So you’ve decided to become a structural engineer (congratulations and welcome to the journey!). Like any great journey, you need a map of how to reach your destination. This article will provide you with a roadmap on how to become a Structural Engineer.

What Education do I need to Become a Structural Engineer?

Structural Engineering is a discipline that lies within the field of Civil Engineering. So you first need to complete a Bachelors Degree in Civil Engineering through a University. This means that you need to complete high school (college) in order to enter a University.

If you are interested in becoming a structural engineer you should select subjects with the following specialisations in high school:

  • Mathematics
  • Science
  • Physics
  • Chemistry
  • English

Universities that Offer Structural Engineering

In Australia I have not encountered any significant university snobbery in the Structural Engineering profession. Graduates from different universities are often treated fairly across the board. Some universities may be harder to enter due to their demand and location. Most Civil Engineering bachelor courses are 4 years long. The following Universities are well regarded in Australia and provide Civil Engineering courses for aspiring Structural Engineers:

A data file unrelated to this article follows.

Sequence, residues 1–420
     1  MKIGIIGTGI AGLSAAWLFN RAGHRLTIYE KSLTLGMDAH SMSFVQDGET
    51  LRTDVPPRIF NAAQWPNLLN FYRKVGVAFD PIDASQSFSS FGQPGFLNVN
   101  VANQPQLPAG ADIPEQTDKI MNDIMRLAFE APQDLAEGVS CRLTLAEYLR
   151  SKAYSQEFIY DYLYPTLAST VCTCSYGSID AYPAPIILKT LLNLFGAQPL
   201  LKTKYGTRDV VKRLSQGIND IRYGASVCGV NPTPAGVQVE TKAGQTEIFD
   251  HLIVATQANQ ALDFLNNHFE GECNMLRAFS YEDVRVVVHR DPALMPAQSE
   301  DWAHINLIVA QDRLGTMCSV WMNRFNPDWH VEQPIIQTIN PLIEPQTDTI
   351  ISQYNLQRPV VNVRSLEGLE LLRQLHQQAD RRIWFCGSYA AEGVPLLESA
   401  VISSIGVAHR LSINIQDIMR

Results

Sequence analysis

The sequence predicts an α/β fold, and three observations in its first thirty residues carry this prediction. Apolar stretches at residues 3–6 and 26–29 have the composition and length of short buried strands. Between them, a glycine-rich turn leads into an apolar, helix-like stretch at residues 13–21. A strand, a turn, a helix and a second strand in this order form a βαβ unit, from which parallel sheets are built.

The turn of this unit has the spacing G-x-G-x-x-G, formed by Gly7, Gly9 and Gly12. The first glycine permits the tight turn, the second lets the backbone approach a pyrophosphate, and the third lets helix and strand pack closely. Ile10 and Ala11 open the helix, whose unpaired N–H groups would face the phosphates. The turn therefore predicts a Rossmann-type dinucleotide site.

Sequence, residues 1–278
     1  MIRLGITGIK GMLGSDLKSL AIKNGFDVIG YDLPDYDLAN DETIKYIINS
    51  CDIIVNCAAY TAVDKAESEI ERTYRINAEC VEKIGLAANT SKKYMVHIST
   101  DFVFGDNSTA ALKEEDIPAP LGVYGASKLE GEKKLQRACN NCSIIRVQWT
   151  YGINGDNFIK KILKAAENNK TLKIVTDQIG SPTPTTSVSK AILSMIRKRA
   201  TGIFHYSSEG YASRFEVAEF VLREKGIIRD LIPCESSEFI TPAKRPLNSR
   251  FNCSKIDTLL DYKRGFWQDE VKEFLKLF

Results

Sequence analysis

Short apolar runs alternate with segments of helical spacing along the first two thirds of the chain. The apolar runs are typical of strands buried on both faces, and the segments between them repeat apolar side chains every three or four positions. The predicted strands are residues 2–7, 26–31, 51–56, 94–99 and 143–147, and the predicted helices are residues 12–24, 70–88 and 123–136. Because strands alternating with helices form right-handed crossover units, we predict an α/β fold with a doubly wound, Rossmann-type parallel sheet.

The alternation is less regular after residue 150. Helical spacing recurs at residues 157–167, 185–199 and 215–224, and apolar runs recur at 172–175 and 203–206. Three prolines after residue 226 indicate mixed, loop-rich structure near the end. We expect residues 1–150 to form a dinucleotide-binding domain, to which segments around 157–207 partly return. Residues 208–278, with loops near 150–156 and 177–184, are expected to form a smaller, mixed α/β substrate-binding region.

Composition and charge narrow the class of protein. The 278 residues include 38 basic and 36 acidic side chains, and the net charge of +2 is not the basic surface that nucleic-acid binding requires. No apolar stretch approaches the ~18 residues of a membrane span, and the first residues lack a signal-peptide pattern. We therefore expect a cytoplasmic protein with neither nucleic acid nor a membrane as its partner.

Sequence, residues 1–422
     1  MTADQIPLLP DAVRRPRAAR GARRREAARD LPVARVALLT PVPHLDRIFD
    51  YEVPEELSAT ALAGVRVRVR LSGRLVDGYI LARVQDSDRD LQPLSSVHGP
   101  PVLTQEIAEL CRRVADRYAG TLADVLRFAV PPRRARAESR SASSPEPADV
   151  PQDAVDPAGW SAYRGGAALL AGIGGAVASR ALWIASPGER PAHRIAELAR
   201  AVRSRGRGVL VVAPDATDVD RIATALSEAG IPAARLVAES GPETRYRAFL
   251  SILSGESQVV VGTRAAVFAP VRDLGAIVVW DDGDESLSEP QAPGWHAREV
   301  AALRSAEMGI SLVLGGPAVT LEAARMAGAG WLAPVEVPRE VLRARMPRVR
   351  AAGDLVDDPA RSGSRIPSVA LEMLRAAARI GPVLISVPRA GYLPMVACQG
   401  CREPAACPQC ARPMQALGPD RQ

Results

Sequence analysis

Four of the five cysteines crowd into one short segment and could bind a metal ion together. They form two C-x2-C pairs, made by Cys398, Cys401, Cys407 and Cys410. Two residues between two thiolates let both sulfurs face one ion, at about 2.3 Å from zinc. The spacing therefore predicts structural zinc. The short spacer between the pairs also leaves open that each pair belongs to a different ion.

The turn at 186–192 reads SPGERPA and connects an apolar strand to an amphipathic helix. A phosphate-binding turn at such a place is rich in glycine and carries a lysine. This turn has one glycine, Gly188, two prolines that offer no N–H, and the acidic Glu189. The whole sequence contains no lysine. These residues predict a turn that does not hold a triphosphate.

Monash University

Monash University Logo

Melbourne University

Melbourne University Logo

Swinburne University

Swinburne University Logo

University of Adelaide

Adelaide University Logo

University of Queensland

University of Queensland Logo

University of Western Australia

University of Western Australia Logo

University of New South Wales

University of New South Wales Logo

Victoria University

Victoria University Logo

La Trobe University

La Trobe University Logo

Each course structure may be slightly different from university to university. The focus areas are often influenced by the interests of the head of the faculty and those providing the lecture material for each subject.

When I graduated from University I found that my peers who graduated from Melbourne University covered seismic design in more detail whereas my course at Monash University went into more detail on concrete design and post-tensioning.